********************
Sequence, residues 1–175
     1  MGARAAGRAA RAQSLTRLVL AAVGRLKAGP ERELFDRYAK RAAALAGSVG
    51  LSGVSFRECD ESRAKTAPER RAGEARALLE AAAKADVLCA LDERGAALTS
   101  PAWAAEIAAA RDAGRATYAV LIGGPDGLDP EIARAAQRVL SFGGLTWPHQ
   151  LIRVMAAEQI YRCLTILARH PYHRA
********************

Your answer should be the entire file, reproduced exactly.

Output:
Sequence, residues 1–175
     1  MGARAAGRAA RAQSLTRLVL AAVGRLKAGP ERELFDRYAK RAAALAGSVG
    51  LSGVSFRECD ESRAKTAPER RAGEARALLE AAAKADVLCA LDERGAALTS
   101  PAWAAEIAAA RDAGRATYAV LIGGPDGLDP EIARAAQRVL SFGGLTWPHQ
   151  LIRVMAAEQI YRCLTILARH PYHRA